Category Archives: General

Publishing Adventures in London

Earlier this week I had my first official trip to London as a soon to be published author. It was an intense and pretty exhausting time, but overall proved to be fascinating. On Monday morning I visited my fantastic agent, Juliet Mushens, and Sarah, her lovely assistant, at their offices for a chat about the book and the trilogy, my plans and what happens next.

After that it was my first trip to the Orbit offices to meet with my editor, Jenni Hill, for the first time. Orbit have their offices at 100 Victoria Embankment, which is a massive and very impressive building, inside and out. I was nervous about being late, so rather than risk getting lost, I got off the tube and did the sensible thing. I asked the nearest security person at the station how tin find the building. The woman was very kind and patient, as she walked with me to the entrance to the tube station and then pointed at the giant edifice directly across the road. Whoops! I grinned sheepishly and scuttled off.

Over lunch Jenni and I talked about the book, the characters, and really got into a meaty chat about the first book, Battlemage, and how it connects to the others in the trilogy. I think it’s the first time I’ve had a proper discussion about the series and the shape of it with someone who had read the first book. For the longest time characters have just lived inside my head and on the page, but suddenly they were breathing again as we talked about the future and what happened next. I could answer all of the questions but I think it was the first time I’d said some of it aloud to someone else. I probably got a few strange looks from other people in the restaurant but I didn’t notice.

After that I was shown around the Orbit offices and met the rest of the team who were all fabulous and so enthusiastic. With little time to spare I zipped back across London, checked into my hotel, then ran back out again for an early dinner with some friends. The rest of the evening I could just sit back and try to unwind and unclench, as the attention was firmly on Jen Williams (she of the fabulous The Copper Promise fame) and Den Patrick (he of the equally awesome The Boy with The Porcelain Blade). At Blackwells on Charing Cross Road, Jared Shurin was asking the questions and the topics ranged from influences to monsters to magic. There was a great crowd who queued up in the typically polite English fashion to get a copy of each book signed. Technically Porcelain wasn’t out on Monday, but there were a few cheeky copies that had been released early, so I made sure I snagged one and got it signed by Den.

Not long after we adjourned to a local pub for drinks where I nobly battled to stay awake after a long and tiring day. I think I managed fairly well and had a few geeky conversations as well as getting a chance to talk archery with Gillian Redfearn. It wasn’t a late finish, for which I was grateful, and I crashed out in my hotel.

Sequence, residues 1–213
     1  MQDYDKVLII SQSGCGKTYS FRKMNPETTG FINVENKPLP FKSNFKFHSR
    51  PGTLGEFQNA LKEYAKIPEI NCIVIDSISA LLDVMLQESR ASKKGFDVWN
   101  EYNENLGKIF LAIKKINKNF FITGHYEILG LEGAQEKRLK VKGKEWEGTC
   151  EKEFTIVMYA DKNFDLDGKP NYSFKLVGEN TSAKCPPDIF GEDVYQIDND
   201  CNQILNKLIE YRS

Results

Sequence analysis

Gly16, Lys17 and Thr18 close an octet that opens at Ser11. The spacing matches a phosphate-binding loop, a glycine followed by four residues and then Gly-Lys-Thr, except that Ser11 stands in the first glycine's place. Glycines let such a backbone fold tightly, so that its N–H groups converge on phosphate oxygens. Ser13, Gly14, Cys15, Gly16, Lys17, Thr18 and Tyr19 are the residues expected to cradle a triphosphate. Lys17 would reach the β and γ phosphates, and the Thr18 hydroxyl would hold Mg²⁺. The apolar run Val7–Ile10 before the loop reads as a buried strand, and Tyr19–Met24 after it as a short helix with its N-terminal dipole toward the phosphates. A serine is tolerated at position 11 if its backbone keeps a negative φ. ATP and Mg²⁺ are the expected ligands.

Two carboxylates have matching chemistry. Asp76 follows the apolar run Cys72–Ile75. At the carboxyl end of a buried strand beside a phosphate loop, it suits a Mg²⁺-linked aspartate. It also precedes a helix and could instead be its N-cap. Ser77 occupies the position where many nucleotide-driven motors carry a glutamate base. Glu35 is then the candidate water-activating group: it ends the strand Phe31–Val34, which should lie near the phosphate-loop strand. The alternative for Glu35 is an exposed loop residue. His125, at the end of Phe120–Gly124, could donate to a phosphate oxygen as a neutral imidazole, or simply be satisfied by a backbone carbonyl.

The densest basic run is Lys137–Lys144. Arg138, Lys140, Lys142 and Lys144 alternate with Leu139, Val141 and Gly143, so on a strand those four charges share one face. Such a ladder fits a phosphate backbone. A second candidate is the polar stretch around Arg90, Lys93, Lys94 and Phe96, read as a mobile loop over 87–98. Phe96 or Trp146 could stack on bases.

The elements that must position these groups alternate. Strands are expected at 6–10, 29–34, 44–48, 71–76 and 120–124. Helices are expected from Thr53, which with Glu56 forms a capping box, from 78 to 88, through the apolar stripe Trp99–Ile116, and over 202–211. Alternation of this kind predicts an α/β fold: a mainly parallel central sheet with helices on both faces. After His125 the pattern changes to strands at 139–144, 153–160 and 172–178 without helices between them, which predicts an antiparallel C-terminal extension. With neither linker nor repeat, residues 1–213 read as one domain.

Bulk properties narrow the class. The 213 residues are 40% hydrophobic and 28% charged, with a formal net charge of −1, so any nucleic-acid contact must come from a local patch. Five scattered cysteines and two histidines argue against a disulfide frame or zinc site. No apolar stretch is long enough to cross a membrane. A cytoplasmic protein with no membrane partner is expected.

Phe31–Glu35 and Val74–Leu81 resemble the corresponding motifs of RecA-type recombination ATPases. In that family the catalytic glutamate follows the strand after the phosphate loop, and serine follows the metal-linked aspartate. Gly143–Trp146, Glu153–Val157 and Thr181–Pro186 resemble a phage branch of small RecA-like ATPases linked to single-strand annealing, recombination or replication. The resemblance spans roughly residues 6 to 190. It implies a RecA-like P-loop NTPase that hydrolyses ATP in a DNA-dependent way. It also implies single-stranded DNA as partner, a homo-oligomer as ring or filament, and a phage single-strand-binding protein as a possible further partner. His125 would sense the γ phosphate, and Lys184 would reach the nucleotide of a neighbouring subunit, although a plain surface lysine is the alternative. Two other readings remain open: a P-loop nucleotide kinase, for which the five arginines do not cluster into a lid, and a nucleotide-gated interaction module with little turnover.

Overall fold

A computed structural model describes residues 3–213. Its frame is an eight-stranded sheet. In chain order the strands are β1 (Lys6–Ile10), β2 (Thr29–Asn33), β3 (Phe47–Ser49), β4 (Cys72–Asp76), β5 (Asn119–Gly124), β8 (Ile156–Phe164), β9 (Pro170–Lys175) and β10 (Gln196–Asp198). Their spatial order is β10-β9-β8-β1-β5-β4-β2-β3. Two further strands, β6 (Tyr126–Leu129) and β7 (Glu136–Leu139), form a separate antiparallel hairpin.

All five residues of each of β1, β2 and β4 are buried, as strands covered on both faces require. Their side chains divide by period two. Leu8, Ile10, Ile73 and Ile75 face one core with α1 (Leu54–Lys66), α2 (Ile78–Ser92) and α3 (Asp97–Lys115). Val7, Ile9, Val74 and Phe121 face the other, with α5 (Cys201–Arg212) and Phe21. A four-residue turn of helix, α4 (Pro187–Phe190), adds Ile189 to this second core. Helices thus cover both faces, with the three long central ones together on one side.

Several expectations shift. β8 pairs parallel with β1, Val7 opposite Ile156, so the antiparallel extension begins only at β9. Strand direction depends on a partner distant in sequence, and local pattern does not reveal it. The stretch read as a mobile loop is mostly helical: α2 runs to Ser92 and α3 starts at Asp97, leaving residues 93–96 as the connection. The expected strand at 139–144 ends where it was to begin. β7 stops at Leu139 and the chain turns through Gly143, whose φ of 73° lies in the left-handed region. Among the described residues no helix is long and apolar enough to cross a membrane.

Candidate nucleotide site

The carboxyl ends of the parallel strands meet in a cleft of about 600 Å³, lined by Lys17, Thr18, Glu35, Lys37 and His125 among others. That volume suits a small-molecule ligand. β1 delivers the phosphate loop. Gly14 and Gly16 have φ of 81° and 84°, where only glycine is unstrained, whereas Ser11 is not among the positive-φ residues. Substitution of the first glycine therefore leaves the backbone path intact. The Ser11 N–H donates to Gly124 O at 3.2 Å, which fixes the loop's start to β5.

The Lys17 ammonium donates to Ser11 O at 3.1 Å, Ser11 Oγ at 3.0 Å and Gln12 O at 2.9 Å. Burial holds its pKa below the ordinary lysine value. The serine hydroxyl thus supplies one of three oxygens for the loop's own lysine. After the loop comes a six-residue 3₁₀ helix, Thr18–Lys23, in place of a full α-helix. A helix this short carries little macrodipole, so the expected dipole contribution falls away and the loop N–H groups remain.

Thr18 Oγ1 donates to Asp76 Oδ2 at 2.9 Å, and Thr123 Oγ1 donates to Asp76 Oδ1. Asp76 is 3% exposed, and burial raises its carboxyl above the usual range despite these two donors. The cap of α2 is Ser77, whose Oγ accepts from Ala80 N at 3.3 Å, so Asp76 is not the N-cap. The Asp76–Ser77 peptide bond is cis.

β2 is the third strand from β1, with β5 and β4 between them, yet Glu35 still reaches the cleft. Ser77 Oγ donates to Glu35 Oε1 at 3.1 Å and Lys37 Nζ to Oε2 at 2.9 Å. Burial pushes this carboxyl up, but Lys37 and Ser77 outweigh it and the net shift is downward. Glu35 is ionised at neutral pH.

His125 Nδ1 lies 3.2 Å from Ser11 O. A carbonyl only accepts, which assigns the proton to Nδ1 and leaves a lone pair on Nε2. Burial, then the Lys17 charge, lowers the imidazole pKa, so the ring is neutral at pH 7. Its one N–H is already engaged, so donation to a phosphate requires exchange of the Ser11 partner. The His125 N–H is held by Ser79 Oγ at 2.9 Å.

Tuesday morning I was back on the train, headed north again, towards home and also an appointment with a photographer. I think they came out quite well, despite the bags under my eyes and the stubble, but they’re both usually there anyway, so it’s going to be accurate.

It’s quite a few months until my next convention, 9 Worlds in August in London. I’ve settled back into my normal daily routine again, and have got back to work on book 2, but somewhere in the back of my mind I am now aware that other people are talking about the characters from Battlemage, and that they’re waiting to see what I do next in book 2. I also have a deadline for the first time, but so far, very little has changed day to day. I’m sure that will change next year but for now, it’s head down and keep writing.

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Reading as a hobby

During my day to day life some people view my reading habit as odd and unusual. By that I mean I am always reading a book. Always. I never read more than one at once, but am always reading. In a spare 5 minutes, or on a bus, train platform, in a waiting room etc, my default is not to pick up phone and play a game, but to read a book. When I don’t have my book with me and I’m waiting, I will pop on Twitter, but I’d much prefer to read a book.

Among my group of friends my reading habit is not unusual as most of them are always reading as well, but outside that circle, during my day job or when I meet strangers or friends of friends, I sometimes get funny looks. To them it is unusual. Normally, if I can, I ask them why they don’t read and the responses vary. Other people have spoken at length and with far more clarity than I about why reading, books and libraries are important, for example Neil Gaimain’s recent lecture on why our future depends on libraries, so I won’t go over that. I wanted to focus more on the type of responses I have received over the years.

Some people have told me they only read one or two books a year, and one of them might be on holiday around the swimming pool. A paperback they pick up at the airport and then throw away as it’s been covered in sun tan lotion and the spine has been cracked and the cover bleached by the sun. Some say they simply don’t have time to read, which I would argue isn’t true, but I don’t press the point as reading obviously isn’t something they want to pursue. Others see reading as a chore, and not something you would choose to do for fun. As if they had to endure it at school and looking back on it gives them a chill and bad memories, as pulling apart the Rhyme of the Ancient Mariner down the atomic level at school, does for me. I’m not sure I ever want to read that poem again, so thank my high school English Literature teacher for that and for ruining Shakespeare for me as well.